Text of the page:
Grants and Contracts Details
Myelination is necessary for proper CNS function. Neurological deficits occur in spinal cord injury (SCI) and other conditions where oligodendrocyte (OL) death results in demyelination. It is not clear how the loss of OLs is initiated in SCI but several factors known to induce OL apoptosis are elevated in the extracellular environment. This suggests that OLs may be the target of multiple toxic agents. OLs, which die in SCI, show activation of post-mitochondrial events typical of apoptosis including caspase-3 activation. The goal of this proposal is to define events, which occur earlier in OL apoptosis, and to apply intervention strategies so that OLs survive and myelinating function is maintained. Our overall goal is to devise a therapeutic strategy to interrupt OL apoptosis regardless of the initiating agent so that it can be used effectively in many demyelinating conditions. The proposed studies use in vivo and culture methods to test the following hypotheses: 1) that soluble factors which induce OL apoptosis after SCI cause activation of the proapoptotic molecule BAD; 2) that OL apoptosis can be ameliorated by inactivating BAD, either by upregulating the enzymes which phosphorylate it (Akt, PI 3-kinase) or by using drugs which inhibiting its dephosphorylation (FK506); 3) that caspase-independent effectors such as endonuclease-G play an important role in cell loss after SCI. Specific Aim 1: Immunohistochemistry and immunoblots are used to show that soluble apoptotic agents result in BAD dephosphorylation and related biochemical events in OLs. Specific Aim 2: Adenoviral transfection and pharmacological approaches are used to test whether increasing levels of P-BAD through overexpression of Akt1 and PI 3-kinase or inhibition of calcineurin activity can promote survival and myelinating function in cultured OLs. Specific, Aim 3: Unbiased stereology is used to test whether mice with deletions in the genes for PTEN (an Akt inhibitor) and caspase-3 show an increase in tissue sparing and OL survival after SCI. Specific Aim 4: Biochemical and histological techniques are used to determine whether pathways which are independent of caspase-3 play a significant role in cell loss after SCI.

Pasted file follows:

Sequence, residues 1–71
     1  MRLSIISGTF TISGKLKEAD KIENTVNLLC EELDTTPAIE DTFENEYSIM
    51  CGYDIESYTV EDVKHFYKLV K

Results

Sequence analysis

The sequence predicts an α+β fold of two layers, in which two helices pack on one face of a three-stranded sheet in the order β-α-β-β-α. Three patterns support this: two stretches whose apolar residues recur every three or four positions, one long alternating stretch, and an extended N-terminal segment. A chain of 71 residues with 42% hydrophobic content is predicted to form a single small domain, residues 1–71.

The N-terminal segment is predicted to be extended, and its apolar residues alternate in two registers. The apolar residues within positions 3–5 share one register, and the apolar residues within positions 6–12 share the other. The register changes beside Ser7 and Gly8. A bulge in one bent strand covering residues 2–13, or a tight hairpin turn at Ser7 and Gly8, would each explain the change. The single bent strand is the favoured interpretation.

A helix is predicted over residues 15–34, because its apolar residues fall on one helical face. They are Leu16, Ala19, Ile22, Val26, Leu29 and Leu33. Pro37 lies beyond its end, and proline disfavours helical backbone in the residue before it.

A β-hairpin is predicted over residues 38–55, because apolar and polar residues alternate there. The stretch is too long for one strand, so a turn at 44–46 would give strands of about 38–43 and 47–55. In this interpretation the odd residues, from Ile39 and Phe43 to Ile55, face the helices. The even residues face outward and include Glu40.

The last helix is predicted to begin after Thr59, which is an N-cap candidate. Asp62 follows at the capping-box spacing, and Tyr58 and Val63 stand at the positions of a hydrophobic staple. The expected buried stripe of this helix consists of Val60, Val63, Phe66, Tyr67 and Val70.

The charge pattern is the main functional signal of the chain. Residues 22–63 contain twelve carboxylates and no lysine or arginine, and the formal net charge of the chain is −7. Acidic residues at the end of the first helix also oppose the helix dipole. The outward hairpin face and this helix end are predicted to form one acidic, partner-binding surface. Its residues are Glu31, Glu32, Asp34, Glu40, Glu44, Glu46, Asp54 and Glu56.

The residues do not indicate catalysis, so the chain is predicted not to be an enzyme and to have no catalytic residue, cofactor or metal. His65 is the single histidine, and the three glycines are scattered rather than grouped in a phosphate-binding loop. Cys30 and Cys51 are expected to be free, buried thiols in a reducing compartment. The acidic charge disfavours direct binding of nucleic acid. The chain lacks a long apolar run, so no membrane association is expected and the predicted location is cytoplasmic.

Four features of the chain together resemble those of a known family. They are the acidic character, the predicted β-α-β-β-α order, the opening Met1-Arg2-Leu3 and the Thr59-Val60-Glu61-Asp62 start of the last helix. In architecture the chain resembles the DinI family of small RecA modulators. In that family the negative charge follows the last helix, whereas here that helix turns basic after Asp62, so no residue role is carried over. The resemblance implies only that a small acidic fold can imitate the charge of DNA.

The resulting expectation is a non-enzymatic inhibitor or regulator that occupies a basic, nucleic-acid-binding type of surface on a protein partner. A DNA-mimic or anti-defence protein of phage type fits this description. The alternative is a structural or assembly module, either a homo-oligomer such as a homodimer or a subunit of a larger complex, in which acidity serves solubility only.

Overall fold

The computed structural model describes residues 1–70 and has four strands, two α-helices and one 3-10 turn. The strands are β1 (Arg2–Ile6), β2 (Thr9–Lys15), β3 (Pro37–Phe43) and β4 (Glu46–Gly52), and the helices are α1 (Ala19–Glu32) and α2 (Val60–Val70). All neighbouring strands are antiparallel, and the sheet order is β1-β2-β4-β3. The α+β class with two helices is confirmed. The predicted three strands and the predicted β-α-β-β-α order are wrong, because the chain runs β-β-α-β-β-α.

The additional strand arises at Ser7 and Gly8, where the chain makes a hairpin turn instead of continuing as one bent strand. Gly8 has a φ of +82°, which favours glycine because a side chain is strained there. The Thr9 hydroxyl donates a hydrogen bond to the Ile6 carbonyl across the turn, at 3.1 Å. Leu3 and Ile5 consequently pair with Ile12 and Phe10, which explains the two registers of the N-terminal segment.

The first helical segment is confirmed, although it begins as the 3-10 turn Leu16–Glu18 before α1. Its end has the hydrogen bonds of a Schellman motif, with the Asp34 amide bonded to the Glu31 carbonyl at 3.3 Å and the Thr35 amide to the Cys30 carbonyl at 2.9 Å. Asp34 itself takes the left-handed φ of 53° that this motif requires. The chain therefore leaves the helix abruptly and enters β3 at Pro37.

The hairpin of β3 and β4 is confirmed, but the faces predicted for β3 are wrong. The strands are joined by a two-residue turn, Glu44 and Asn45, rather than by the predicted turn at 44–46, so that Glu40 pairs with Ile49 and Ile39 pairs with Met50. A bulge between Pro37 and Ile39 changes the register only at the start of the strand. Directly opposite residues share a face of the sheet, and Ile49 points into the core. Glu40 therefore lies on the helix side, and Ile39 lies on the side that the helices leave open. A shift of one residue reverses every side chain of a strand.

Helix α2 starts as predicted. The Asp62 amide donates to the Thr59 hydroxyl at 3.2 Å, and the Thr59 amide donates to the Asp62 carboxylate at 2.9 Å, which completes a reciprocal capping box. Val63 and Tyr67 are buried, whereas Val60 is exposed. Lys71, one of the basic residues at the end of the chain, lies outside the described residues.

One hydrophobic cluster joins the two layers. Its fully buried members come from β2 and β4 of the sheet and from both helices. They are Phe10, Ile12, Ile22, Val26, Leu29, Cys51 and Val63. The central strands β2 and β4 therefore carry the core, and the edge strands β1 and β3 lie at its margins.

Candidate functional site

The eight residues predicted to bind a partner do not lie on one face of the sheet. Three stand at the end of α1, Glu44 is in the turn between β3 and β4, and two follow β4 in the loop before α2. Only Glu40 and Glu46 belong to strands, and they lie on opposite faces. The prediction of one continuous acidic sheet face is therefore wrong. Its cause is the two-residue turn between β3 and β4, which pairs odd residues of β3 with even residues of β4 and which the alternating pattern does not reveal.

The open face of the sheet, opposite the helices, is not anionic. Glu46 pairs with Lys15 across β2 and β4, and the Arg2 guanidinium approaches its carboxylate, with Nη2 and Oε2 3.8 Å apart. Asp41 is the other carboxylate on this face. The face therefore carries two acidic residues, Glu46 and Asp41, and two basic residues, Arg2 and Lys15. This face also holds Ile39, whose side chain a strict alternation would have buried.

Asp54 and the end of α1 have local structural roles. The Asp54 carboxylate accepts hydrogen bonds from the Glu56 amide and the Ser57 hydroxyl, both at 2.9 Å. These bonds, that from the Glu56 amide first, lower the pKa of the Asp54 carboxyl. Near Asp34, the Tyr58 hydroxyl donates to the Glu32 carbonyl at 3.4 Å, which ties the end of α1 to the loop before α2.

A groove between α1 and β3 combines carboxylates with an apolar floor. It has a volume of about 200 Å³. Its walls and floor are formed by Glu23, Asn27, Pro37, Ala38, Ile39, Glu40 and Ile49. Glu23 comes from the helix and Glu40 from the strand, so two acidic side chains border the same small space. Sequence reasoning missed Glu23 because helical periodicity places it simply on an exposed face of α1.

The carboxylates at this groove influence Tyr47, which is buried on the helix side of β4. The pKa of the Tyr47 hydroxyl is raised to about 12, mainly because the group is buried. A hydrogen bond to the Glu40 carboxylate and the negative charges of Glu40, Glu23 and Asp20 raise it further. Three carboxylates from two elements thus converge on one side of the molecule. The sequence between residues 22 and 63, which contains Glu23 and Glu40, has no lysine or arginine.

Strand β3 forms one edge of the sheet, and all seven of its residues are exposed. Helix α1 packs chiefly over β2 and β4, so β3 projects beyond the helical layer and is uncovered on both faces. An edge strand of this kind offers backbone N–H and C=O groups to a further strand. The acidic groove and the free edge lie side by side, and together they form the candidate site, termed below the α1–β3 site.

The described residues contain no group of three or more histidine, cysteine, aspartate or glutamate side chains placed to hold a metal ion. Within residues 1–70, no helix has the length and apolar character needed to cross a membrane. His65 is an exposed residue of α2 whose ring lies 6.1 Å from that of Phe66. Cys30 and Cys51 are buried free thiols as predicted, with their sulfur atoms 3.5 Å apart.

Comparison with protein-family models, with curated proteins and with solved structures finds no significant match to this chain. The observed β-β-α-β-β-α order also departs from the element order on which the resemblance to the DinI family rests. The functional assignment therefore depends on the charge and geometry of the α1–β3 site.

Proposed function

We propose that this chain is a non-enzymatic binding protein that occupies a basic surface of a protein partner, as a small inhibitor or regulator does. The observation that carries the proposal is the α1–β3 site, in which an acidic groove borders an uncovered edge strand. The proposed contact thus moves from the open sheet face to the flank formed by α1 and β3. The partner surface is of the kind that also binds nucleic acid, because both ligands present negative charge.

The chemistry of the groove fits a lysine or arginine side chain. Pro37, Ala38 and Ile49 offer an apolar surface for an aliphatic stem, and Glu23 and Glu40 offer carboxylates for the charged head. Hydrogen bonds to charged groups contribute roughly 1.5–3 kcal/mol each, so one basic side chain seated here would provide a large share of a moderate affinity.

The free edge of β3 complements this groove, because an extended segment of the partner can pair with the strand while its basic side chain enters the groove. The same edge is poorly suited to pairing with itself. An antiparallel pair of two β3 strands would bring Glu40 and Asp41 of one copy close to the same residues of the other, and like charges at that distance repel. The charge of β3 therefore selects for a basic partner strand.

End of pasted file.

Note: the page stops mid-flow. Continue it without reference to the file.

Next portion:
|Effective start/end date||7/1/02 → 5/31/07|
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